Superintendents discussed what it takes to look forward, not back, as they discussed key takeaways from their involvement with AASA’s Learning 2025 Demonstration Systems Network, the subject of a conference session on Thursday afternoon.
“We always look back to do better,” said moderator Raymond McNulty, president of the Successful Practices Network. “That’s like trying to perfect the past to create the future.”
Looking forward, Iowa's biggest export, “other than corn and pigs, is our young people,” said Douglas Wheeler, head of the College Community School District in Cedar Rapids. “We want to develop career pathways where students can see themselves living and working in our community.”
In Collegiate Edu-Nation in Roscoe, Texas, superintendent Kim Alexander said students, starting at age 3, “ramp up for higher levels of rigor with relevance.” The aim is to prepare students for lifelong learning, for jobs that don’t yet exist, “and to reverse that suburban movement back in the ‘50s, where our best and our brightest left for urban and suburban areas, never to return, and we ended up with rural brain drain.”
In adopting a future-focused mindset, the aim is “to make sure our students have as many opportunities as possible to be productive, in whatever they want to do in their future,” said Mary Catherine Reljac, superintendent of the Fox Chapel Area School District in Pittsburgh.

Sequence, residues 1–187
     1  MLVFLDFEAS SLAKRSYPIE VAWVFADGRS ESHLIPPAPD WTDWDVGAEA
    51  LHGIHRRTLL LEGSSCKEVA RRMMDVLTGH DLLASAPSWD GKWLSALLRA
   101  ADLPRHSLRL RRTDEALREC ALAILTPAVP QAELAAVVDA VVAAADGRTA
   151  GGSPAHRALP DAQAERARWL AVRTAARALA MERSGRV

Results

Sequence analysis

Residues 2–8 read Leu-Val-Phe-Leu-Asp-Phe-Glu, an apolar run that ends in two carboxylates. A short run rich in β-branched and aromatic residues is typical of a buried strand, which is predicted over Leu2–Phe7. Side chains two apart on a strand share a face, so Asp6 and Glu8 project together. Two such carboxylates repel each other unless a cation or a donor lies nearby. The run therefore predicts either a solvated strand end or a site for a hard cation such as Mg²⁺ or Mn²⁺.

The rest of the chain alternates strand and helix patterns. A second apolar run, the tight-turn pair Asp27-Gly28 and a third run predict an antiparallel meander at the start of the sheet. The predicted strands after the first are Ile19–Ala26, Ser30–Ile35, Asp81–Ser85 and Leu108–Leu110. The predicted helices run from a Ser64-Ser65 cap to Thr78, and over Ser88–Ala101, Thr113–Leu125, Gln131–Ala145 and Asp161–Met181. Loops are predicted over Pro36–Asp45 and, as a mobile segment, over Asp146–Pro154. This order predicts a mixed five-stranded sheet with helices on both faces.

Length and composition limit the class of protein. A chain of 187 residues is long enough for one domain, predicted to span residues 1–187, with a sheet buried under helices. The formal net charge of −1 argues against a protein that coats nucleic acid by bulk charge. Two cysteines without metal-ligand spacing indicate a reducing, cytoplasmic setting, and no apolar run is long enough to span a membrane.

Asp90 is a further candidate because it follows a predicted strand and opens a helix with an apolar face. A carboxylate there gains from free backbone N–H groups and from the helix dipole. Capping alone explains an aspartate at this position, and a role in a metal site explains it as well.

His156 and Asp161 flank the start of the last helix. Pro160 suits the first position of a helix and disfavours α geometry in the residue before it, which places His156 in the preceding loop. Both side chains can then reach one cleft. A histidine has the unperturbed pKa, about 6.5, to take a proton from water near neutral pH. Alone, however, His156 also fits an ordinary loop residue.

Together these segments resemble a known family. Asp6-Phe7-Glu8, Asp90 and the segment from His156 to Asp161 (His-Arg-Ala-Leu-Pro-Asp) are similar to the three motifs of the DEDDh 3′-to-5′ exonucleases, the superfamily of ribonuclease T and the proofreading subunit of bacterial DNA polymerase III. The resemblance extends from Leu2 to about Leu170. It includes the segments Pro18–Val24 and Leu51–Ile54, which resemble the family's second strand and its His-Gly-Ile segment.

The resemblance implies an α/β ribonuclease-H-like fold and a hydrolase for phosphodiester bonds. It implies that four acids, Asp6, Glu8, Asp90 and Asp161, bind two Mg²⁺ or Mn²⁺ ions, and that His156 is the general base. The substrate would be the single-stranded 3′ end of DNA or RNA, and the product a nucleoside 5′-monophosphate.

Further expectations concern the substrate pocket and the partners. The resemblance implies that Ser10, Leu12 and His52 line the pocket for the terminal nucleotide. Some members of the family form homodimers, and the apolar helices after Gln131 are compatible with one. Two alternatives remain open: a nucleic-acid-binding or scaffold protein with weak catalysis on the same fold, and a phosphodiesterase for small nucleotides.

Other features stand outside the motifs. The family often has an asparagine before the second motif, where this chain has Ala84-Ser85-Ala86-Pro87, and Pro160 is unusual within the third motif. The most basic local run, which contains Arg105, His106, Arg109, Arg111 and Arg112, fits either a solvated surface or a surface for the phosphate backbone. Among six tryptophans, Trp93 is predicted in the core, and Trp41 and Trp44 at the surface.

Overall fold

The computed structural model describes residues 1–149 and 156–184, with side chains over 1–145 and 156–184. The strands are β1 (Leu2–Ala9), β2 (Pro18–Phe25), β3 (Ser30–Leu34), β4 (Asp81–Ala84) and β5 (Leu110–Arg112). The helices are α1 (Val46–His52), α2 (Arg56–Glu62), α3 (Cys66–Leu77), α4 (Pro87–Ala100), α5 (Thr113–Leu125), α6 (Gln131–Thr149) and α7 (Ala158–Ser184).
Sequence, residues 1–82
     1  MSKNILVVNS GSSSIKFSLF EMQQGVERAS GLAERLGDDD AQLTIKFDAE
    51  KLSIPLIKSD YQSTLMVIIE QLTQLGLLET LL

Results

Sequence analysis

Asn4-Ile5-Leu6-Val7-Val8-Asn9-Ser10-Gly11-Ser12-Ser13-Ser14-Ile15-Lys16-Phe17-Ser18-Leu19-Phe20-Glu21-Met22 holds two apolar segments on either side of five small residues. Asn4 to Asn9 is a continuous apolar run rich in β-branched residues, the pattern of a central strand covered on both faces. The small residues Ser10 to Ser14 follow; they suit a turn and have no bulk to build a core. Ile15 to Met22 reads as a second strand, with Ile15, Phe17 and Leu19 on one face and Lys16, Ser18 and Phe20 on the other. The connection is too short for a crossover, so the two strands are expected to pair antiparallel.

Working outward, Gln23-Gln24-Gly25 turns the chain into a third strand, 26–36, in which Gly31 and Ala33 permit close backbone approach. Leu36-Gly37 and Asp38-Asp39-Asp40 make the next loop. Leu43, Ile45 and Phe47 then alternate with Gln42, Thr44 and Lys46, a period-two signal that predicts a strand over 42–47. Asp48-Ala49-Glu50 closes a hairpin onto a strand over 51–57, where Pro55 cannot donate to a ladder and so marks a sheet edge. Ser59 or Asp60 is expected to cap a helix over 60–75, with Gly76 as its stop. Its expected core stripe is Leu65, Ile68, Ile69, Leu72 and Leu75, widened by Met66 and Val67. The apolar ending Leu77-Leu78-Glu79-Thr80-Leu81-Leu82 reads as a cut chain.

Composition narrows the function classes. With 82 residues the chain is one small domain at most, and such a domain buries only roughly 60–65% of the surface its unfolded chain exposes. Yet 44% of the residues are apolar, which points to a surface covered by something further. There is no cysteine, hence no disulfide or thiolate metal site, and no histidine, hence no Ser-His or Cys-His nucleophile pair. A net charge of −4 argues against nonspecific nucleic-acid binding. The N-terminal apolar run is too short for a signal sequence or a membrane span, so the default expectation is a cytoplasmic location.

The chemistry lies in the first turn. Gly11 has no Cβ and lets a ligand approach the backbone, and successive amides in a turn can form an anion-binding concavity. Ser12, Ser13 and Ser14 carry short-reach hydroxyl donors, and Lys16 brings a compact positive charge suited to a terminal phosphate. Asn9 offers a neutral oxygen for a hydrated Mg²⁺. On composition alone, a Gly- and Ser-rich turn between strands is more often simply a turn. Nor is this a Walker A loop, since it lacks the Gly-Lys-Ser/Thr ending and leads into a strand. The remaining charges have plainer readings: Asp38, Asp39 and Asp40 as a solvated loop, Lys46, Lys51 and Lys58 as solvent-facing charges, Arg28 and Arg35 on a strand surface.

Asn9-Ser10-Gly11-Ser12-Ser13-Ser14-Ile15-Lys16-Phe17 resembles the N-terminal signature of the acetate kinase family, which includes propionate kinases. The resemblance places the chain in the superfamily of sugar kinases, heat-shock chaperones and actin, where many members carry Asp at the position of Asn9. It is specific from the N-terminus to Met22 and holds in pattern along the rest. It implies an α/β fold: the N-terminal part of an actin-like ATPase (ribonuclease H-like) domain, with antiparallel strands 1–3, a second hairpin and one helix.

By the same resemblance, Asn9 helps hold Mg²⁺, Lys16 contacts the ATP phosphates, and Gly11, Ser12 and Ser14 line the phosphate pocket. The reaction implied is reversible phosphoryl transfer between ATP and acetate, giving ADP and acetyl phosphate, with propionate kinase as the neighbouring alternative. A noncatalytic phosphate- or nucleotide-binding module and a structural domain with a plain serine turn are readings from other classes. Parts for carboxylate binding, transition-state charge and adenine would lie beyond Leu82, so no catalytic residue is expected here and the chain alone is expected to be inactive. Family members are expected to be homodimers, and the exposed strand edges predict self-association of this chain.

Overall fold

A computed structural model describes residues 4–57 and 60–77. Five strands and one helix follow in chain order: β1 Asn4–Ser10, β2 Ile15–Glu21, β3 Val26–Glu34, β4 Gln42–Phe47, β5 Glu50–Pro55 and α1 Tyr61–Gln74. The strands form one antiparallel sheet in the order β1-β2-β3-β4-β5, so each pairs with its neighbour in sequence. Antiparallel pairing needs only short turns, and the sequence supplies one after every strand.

A systematic approach is necessary because the future is consistently changing. As Reljac put it, “If we’re not trying to create our ‘next new,’ we are already behind.”
With the rapid speed of technological advancements, ambiguity is to be expected and “it’s okay to fail,” said Michael Nagler, superintendent of the Mineola School District in New York. “We fail in Mineola every day and we don’t fail with defeat. We fail forward.”
Superintendent Chris Gaines, of the Mehlville School District in St. Louis, said his district allows for students to create their own learning paths. “They’re doing the engineering work, or the artistic work, because they want to,” and not because it fits in their schedule, Gaines said.
Caroline Johns, superintendent of the Northgate School District in Pittsburgh, said it’s imperative to stay focused on high-priority areas even “with day-to-day [matters] grinding you down.” Carving out time to review periodically the district’s strategic plan is imperative.
Believing that a future focus means “getting ready for college but it doesn’t mean much more than that” is no longer acceptable, said John Malloy, superintendent of the San Ramon Valley Unified School District in Danville, Calif. Diving deep into the “why” of education is “space that has to be filled with that which stretches us.”
Toward that end, “Learning 2025 has been brilliant for us,” Malloy added. “Sometimes we can get really connected to our community and forget about what others are doing.”
Sean Aiken, superintendent of the Shaler Area School District in Pennsylvania, agreed. “Thinking deeper about how each decision we make ties around this word equity” is an important piece of his district’s efforts to engage learners as co-authors in their education. Whether it’s “around what our mission statement or core values are, having students at the table” is key, he said.
(Linda Chion is a senior editor on Conference Daily Online and a freelance writer and editor in Lithia, Fla.)